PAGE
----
Like the jagged, snow-capped peaks that look down on his hometown, Alex Raymond takes many shapes.

The Hamilton junior is among the favorites to win the State A boys' singles title next month in Kalispell. But it's his diverse interests and moral conviction -- not his tennis prowess -- that make him truly unique.

"It helps to have things spread out in life,"  he says with small-town Montana modesty. "That way I don't have to worry about any one thing all the time."

First, it's important to note Raymond is an Eagle Scout.

Some say the Boy Scouts aren't what they used to be and their traditions are outdated. But anyone who has ever donned the uniform can tell you it takes a special kind of persistence to attain Raymond's status.

He's using it to affect positive change. He'd love to see his country follow Canada and Mexico in offering more Scouting opportunities for women.

But, as Alex will tell you, voicing an opinion and taking action are two different things. Raymond is proud to say his troop has made significant strides toward expanding its rules for inclusion.

"I feel like the Boy Scouts have been getting a lot of flack lately about the gays issue and gay leaders and acceptance of transgender kids," he offered. "We've tried to change a couple things nationally and been successful.

"Our troop was one of the first to bring up the transgender issue and why we should allow transgenders ... We literally tried to rewrite the code of conduct and succeeded in that."

It's not just Scouting and tennis that consume Raymond's days. He's also heavily involved in school choir and theater, recently finishing up a stint with the Hamilton High School Choir Department in their presentation of "Grease."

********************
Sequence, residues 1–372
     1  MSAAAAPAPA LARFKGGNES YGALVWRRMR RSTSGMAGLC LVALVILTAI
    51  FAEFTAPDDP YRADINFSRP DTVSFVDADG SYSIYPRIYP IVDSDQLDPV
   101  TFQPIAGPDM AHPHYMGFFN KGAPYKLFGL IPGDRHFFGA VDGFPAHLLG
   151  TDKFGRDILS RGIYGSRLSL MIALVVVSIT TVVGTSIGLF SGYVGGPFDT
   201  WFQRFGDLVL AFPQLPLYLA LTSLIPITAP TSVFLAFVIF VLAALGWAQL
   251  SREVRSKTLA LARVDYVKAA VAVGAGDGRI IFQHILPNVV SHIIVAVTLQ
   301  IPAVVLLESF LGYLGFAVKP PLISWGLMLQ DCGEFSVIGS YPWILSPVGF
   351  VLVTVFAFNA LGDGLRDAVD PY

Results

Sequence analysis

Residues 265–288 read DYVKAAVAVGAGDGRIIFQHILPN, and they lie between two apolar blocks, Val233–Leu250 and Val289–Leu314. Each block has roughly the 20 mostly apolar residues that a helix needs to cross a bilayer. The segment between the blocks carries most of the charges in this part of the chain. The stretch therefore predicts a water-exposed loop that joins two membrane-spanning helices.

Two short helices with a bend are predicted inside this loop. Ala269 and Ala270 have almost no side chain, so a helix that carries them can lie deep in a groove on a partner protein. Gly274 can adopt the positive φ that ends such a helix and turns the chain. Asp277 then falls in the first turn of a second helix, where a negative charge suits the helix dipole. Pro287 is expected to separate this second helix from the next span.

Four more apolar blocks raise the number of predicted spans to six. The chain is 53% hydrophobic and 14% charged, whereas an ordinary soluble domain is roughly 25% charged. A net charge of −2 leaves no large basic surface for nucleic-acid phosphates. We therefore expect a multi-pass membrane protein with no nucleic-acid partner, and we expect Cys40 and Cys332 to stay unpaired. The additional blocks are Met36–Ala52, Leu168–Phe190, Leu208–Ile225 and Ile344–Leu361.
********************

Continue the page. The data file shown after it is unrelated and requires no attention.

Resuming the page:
When asked whether the pressure of being on stage helps with the pressure on the hard court, Raymond paused for a moment. You get the impression theater, choir and the whole notion of stage fright aren't nearly as taxing on his inner peace as living up to athletic expectations.  

"I'm on stage a lot so it's not like there's huge pressure there from the audience," he offered. "It's more pressure from the cast and our directors and stuff so we perform well. It has its own set of pressures.

"Tennis is more of a driven pressure from other people. The musical or plays are internal pressure because I expect myself to do well. And with them it's nice having other people on stage with you."


You might say Raymond is a highly-evolved young man. One who will not be pigeon-holed by a stereotype.

It's not uncommon for the No. 1 player on a high school tennis team to hold himself/herself in high esteem. Some No. 1s, whether they be in Montana or Massachusetts or Midland, Texas, view time spent at practice with less-experienced players as wasteful.

Not Raymond.

"He really is a coach's dream in so many ways," said Broncs third-year skipper Matt Kolman, who has been in the coaching game three decades. "Not only is he a good tennis player, he also helps drill the team. He really sets the standard for the other kids."

Raymond has not had the best of luck as a high school competitor. Last May he took a perfect 20-0 record into the state tournament, then battled an illness and ankle sprain en route to taking fourth place.